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Baseball Analysis   Bruce Baskin 

B a s e b a l l   M e x i c o
Monday, September 13, 2021

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August 9, 2021



            After losing the first three games of the 2021 Serie del Rey, things were looking grim late last week for the Tijuana Toros, who had to beat the Yucatan Leones twice in Merida to stay alive and send the series back home to Estadio Nacional, let alone avoid an embarrassing sweep.


            As things turned out, that's exactly what happened and now both teams will be flying to Baja California Norte for Game Six of the Mexican League's championship series on Tuesday night. The following is a wrap of each of the first five games of the series:


GAME 1 (Monday, September 6): Yucatan 7, TIJUANA 3


            The Leones drew first blood by scoring four runs in the top of the seventh inning to blow open a 3-2 game en route to a four-run win over the Toros in front of 14,297 fans at Tijuana's Estadio Nacional. Sebastian Valle's three-run homer off TJ reliever Brennan Bernardino with two out was the key blow. At that point, Jesus Pirela relieved Bernardino and recorded the third out but the damage was done and the Liones never looked back.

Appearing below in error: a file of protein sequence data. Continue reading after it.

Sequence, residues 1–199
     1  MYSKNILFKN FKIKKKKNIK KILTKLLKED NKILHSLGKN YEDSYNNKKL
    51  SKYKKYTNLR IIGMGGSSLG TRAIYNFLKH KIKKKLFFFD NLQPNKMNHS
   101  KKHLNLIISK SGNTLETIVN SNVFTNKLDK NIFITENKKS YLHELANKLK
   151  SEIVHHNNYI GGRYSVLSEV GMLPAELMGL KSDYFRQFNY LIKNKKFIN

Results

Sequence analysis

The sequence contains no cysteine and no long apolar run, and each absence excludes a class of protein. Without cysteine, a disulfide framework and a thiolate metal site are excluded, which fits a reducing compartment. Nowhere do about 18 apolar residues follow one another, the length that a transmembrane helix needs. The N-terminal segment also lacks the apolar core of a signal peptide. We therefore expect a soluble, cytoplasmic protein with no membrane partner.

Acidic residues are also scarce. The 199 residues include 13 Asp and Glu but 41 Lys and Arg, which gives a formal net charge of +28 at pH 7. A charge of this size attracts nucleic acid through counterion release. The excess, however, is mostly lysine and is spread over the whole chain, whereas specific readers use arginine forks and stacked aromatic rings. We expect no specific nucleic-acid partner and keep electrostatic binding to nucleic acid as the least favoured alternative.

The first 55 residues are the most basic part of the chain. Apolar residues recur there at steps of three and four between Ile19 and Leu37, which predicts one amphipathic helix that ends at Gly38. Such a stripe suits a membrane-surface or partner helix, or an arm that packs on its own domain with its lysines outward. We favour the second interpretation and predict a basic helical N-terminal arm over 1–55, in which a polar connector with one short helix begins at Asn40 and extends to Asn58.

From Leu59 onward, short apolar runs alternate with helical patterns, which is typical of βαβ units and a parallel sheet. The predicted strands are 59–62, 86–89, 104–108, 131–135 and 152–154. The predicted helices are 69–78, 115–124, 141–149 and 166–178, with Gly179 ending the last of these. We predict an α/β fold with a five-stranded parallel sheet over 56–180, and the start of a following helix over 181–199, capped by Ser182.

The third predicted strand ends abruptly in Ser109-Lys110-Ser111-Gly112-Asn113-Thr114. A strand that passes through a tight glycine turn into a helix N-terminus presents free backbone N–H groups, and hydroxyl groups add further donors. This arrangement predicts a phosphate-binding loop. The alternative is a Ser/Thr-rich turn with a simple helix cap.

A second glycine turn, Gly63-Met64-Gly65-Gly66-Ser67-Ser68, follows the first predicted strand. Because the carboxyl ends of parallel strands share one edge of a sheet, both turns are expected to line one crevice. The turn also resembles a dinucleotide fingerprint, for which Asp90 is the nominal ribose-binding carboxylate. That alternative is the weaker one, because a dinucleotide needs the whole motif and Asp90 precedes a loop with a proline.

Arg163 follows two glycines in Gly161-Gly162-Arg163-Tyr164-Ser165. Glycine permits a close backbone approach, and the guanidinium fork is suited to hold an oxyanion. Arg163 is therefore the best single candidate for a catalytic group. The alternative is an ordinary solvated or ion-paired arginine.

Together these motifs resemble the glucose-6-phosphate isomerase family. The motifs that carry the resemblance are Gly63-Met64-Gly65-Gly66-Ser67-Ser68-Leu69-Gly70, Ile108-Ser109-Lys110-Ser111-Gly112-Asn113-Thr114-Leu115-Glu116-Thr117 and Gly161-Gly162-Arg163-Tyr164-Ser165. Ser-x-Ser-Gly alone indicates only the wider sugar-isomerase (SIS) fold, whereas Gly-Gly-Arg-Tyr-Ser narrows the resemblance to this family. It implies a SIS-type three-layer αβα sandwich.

Valle combined with Walter Ibarra and Humberto Sosa for six hits and six RBIs to lead Yucatan while starter Rhadames Liz allowed two runs on five hits over five innings for the win. Although Bernardino suffered a nightmarish seventh, the loss went to Toros starter Michael Devine, who was charged for three runs on four hits and four walks after exiting with two out in the fifth.


GAME 2 (Tuesday, September 7): Yucatan 7, TIJUANA 1


Yadir Drake            The Leones made it 2-for-TJ with another big inning to break a close game open. The Toros took a 1-0 lead in the bottom of the first when Junior Lake scored on Gabriel Gutierrez' groundout to second. Tijuana starter Carlos Hernandez tossed four shutout innings before Humberto Sosa, Sebastian Valle and Jose Juan Aguilar led off the fifth with consecutive singles to load the bases. Hernandez walked Jorge Flores on a 3-and-2 count to push Sosa across with the tying run. With two outs, Yadir Drake stepped up and crushed a grand slam to straightaway center, giving the visitors a 5-1 advantage they'd never relinquish.


            After giving up that one first-inning run, Yucatan starter Yoanner Negrin didn't allow another score through seven frames to earn the win. Sosa, Aguilar and Alex Liddi each had two of the Leones' ten hits, but it was Drake's homer that made all the difference in sending 14,989 onlookers at Estadio Nacional home disappointed.


GAME 3 (Thursday, September 9): YUCATAN 2, Tijuana 0